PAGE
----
FAQ text version

SHOTOKAI KARATE BUDO
Frequently Asked Questions
This FAQ was last modified on July 21st, 2000 

This document is the Frequently Asked Questions file of Shotokai Karate Budo Chile. I will try to maintain it 
updated and any comments and information you'd like to see added to this FAQ, please mail to [email protected]

Table of Contents 
Shotokai Karate-do 
Karate 
Difference between Shotokai and Shotokan 
Black belts and ranks 
Training Karate (Kihon, Kata, Kumite)
Conduct in a Karate Club 
The Dojo 
Shotokai Technique 
Kata (Forms)
Kumite
Karate Ranks 
Shotokai Karate History 
Recommended Reading 

Shotokai Karate-do
Is a non competition oriented Karate "style". It is the linear derivative of Master Gichin Funakoshi's Karate, that was 
further developed by both Masters Yoshitaka (Gigo) Funakoshi and Shigeru Egami. Shotokai does not consider 
Karate-do a sport and doesn't in any way stress such an orientation. Shotokai stresses Karate-do as a Budo art and 
thus is interested in personal development through the study and practice of Karate as a Do, a Way of Life, a 
lifestyle or a basic life philosophy and the development of the internal energy, Ki. 
Shotokai's movements follow the natural laws, they are full of vitality and energy, but always applying the 
principles of harmony and relaxation, avoiding all use of brute force. This contrasts notoriously with sports martial 
arts, where the young, strong and muscular ones seem to dominate. This is related with the fact that Shotokai avoids 
all type of competitive tournaments where physical strength is the most important factor and at the same time with 
it's training objectives: the search of the development of mind and body. 
Each group of trainees in Shotokai, depending on their level, has his/her own way of attaining the mind-ki-body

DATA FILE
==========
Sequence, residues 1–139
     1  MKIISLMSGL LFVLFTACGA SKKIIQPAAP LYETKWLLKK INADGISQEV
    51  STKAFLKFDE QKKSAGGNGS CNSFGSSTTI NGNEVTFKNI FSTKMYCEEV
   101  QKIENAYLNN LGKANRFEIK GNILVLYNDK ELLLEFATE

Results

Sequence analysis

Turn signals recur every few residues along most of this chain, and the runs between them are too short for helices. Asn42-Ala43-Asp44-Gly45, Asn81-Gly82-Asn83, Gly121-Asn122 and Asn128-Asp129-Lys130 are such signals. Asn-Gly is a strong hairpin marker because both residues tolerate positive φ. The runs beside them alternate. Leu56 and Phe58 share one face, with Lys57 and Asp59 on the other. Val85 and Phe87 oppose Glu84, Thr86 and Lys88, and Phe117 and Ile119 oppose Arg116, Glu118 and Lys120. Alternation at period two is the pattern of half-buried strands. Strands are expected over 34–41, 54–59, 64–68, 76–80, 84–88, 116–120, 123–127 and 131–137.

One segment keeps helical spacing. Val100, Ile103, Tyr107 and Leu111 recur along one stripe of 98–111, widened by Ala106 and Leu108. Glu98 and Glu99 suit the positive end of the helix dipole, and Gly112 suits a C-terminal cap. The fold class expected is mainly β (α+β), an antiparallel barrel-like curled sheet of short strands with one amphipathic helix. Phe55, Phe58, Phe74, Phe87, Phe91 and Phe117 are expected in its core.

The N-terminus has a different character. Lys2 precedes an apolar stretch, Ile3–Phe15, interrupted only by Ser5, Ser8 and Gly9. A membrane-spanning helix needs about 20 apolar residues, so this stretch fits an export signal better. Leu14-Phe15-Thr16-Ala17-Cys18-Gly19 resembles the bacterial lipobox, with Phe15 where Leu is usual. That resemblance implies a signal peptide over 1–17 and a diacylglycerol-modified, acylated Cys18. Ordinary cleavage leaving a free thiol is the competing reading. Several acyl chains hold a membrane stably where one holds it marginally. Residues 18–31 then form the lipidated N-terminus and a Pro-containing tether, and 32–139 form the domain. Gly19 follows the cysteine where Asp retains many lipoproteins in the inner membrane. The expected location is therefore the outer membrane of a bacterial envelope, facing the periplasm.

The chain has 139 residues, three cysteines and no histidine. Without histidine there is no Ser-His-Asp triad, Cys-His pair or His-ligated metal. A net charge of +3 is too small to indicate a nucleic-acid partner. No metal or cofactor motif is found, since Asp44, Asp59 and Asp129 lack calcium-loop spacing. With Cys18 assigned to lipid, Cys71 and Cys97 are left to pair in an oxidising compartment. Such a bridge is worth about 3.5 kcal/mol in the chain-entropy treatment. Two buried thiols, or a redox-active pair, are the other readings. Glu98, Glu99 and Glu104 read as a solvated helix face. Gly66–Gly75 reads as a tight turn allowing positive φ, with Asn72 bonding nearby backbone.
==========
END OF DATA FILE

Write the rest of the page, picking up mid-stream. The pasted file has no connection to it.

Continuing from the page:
unity, where all can mix together and learn from each other. In a training atmosphere void of distinctions, 
communication grows and mutual respect arises unhindered. Out of the circular, interactive exchange between the 
young and the not so young, power grows out of the harmonious activity, this leads directly to a feeling of fitting in 
and etiquette is thus based on mutual respect. 

What is Karate-Do? 

Karate-do is a martial art originated in Okinawa, modified and transformed into a way of life by Master Gichin 
Funakoshi. Until before these modifications, it was just a group of techniques that permitted self-defense without 
weapons other than your hands and feet. Though there was some Chinese influence, the development was 
Okinawan, and later mainland Japanese. Master Funakoshi, inspired by traditional martial arts from the main 
Japanese islands (kyudo, kendo, judo for example) modified Karate, that until that moment could have been called 
Karate-jutsu, a fighting art, and emphasized the philosophical aspects. This way all that was learnt could be 
extrapolated to the daily life of the student. This is why Karate is a way of life: Karate-do (do, means way or road). 
Gichin Funakoshi, thus, combined Karate techniques with traditional Budo (the martial way), inserting the essence 
of Budo in the heart of Karate. 

What does the word Karate mean? 

The word Karate is also formed by two characters, the first one kara (empty) and the other te (hand), the first one 
having many ways of defining it. The first definition is the least subtle and the most straightforward, through the 
practice of karate, self defense techniques are learnt, where no weapons are needed, other than hands, feet or other 
parts of the body. The second one, and in the words of Master Funakoshi: "Just as it is the clear mirror that reflects 
without distortion, or the quiet valley that echoes a sound, so must one who would study Karate-do purge himself of 
selfish and evil thoughts, for only with a clear mind and conscience can he [she] understand that which he [she] 
receives. This is another meaning of the element kara in Karate-do." Another meaning given by the Master is that of 
always striving to be inwardly humble and outwardly gentle, thus meaning an internal emptiness of egoism and 
acting gently and moderately. Finally he talks about the elemental form of the Universe, which is emptiness (kara,